Detection of Gnathostoma spinigerum Third-Stage Larvae in Snakeheads Purchased from a Central Part of Myanmar

Article information

Korean J Parasitol. 2008;46(4):285-288
Publication date (electronic) : 2008 December 20
doi : https://doi.org/10.3347/kjp.2008.46.4.285
1Department of Parasitology and Tropical Medicine, Seoul National University College of Medicine, and Institute of Endemic Diseases, Seoul National University Medical Research Center, Seoul 110-799, Korea.
2Korea Association of Health Promotion, Seoul 157-704, Korea.
3Seoul National University Bundang Hospital, Gyeonggi-do 463-707, Korea.
Corresponding author (cjy@snu.ac.kr)
Received 2008 August 05; Accepted 2008 September 05.

Abstract

To examine the infection status of freshwater fish with Gnathostoma spp. larvae in Myanmar, we purchased 15 snakeheads, Channa striatus, from a local market in a suburban area of Naypyidaw, the new capital city. Two larval gnathostomes were collected using an artificial digestion technique, and observed by a light microscope and a scanning electron microscope. The size of an intact larva was 2.65 mm long and 0.32 mm wide. The characteristic morphology of the larvae included the presence of a long esophagus (0.80 mm long), 2 pairs of cervical sacs (0.43 mm long), and a characteristic head bulb with 4 rows of hooklets. The number of hooklets in the 1st, 2nd, 3rd, and 4th row was 45, 48, 50, and 52, respectively. Based on these morphological characters, the larvae were identified as the advanced 3rd-stage larvae of Gnathostoma spinigerum. This is the first report of detection of G. spinigerum 3rd-stage larvae in the central part of Myanmar. Our study suggests that intake of raw meat of snakehead fish in Myanmar may result in human gnathostomiasis.

Several species of the genus Gnathostoma are clinically important, causing food-borne parasitic zoonoses in humans [1]. More than 10 Gnathostoma species have been reported in various parts of Southeast Asia, including Japan and Thailand, Europe, Oceania, and Americas [1]. A human infection with Gnathostoma spinigerum was first documented in 1836 in Thailand [1,2], and then Gnathostoma hispidum, Gnathostoma nipponicum, and Gnathostoma doloresi infections have been added to the species that are able to cause human infections [3-7]. The infection is clinically characterized by creeping eruption in subcutaneous tissues due to migrating larvae [3]. However, the larvae are also known to invade the lungs, eyes, and even the brain, occasionally causing death [3].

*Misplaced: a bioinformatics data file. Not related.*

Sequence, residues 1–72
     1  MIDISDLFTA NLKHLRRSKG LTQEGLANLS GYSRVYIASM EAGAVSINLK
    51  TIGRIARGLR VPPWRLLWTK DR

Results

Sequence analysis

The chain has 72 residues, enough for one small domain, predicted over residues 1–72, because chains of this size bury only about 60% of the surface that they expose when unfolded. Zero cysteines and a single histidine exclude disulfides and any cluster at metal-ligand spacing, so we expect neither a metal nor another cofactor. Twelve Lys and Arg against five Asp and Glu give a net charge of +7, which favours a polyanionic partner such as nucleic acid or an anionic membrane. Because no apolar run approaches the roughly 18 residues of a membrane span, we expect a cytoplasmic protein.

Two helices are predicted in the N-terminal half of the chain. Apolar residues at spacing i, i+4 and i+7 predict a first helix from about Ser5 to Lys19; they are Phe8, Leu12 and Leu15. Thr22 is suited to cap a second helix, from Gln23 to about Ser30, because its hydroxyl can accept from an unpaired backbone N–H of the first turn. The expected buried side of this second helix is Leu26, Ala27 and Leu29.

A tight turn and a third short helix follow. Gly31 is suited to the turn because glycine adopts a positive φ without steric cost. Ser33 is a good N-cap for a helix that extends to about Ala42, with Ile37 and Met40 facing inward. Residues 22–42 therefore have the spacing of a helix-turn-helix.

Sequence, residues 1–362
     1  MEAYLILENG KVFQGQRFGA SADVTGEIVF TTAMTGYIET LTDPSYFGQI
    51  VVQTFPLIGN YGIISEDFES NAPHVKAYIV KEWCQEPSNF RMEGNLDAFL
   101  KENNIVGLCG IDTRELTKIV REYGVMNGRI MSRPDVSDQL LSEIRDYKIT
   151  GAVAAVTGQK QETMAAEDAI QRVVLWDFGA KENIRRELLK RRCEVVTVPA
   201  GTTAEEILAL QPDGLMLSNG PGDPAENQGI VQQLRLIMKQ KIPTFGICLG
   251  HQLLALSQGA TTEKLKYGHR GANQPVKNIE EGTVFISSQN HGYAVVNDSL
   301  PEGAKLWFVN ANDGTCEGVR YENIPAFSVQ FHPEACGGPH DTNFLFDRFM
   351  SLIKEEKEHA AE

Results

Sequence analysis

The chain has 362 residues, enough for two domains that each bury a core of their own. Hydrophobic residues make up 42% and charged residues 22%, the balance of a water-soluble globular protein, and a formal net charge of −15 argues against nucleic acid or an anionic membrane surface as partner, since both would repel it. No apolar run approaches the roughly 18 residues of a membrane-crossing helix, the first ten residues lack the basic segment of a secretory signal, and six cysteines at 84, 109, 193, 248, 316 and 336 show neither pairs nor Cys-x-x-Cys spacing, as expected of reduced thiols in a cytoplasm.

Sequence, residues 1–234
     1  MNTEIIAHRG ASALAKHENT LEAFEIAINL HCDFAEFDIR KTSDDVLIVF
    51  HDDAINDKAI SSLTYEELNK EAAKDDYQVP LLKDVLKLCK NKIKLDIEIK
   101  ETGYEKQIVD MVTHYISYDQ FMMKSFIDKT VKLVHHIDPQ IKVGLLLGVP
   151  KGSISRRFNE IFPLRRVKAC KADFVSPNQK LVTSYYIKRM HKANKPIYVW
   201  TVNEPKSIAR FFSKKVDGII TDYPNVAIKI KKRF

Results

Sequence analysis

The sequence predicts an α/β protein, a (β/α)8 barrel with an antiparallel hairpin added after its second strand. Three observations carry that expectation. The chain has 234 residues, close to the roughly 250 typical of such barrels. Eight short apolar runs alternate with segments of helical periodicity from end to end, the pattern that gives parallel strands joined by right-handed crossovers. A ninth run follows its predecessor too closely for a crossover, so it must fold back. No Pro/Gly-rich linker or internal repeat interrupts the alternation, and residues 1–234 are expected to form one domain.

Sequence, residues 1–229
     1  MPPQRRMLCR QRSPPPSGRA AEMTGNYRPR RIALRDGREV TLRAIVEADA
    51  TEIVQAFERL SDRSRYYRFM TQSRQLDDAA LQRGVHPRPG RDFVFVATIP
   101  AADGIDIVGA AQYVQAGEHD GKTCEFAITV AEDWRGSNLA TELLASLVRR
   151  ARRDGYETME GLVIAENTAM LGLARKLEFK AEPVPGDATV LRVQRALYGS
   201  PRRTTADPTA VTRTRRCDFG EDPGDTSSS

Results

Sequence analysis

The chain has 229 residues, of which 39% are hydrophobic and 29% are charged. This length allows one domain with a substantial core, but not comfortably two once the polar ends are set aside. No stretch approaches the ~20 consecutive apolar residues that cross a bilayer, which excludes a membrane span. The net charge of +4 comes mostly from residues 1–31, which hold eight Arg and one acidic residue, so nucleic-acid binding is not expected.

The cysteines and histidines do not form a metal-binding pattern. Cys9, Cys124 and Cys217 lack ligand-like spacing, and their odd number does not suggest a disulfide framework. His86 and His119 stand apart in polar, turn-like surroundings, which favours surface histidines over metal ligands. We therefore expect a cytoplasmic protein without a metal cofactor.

The adult worms of Gnathostoma are found in the stomach or esophageal wall of definitive hosts including cats and dogs [1]. When the feces of definitive hosts containing eggs are deposited in freshwater, free-swimming first-stage larvae are liberated and ingested by cyclops in which they molt twice to become early 3rd-stage larvae (L3). They then develop into advanced L3 in the second intermediate hosts, namely freshwater fish and amphibia. They are passed to a wide spectrum of paratenic hosts including reptiles, birds, and mammals including humans. The principal mode of human infection by Gnathostoma is consumption of raw or undercooked flesh of second intermediate hosts containing 3rd-stage larvae [4].

Human gnathostomiasis has been known to be prevalent in Thailand and Japan [1]. However, in Myanmar, a neighboring country of Thailand, only a few reports have been available [8-10]. It is of particular note that recently there was an outbreak of human gnathostomiasis due to G. spinigerum around Yangon area, the former capital of Myanmar, among 60 Korean immigrants who consumed raw freshwater fish [8]. Human subcutaneous tissue infections possibly by Gnathostoma malaysiae were also reported in 2 Japanese men who visited Myanmar and had eaten raw freshwater shrimps [11]. However, studies on the occurrence of larval infections in fish or amphibian hosts are scarce. Thus, the present study was carried out to determine the presence of Gnathostoma larvae in a species of snakehead fish purchased in a central part of Myanmar.

A total of 15 snakeheads, Channa striatus (Fig. 1), 15-20 cm in length, were purchased from a local market in a suburban area of Naypyidaw, the new capital located in the central part of Myanmar. To examine Gnathostoma larvae, the flesh of snakeheads was ground in a meat grinder, and incubated with an artificial digestive juice containing 0.6% pepsin and 0.08% HCl at 37℃ for 2-3 hr. The larvae were collected from the digested material, washed twice with 0.85% saline, and examined using a stereomicroscope [8]. In order to identify the species, one partially broken larva with an intact head part was washed 3 times with physiological saline (pH 7.2) and fixed in 2.5% glutaraldehyde at 4℃. After 3 washings with this buffer, the larva was dehydrated in a graded ethanol series (50%, 70%, 80%, 90%, 95%, and absolute alcohol), dried in a critical point dryer, coated with gold, and observed using a scanning electron microscope (SEM) (ISI DS-130C, Akashi Co., Tokyo, Japan) with an accelerating voltage of 10 kV.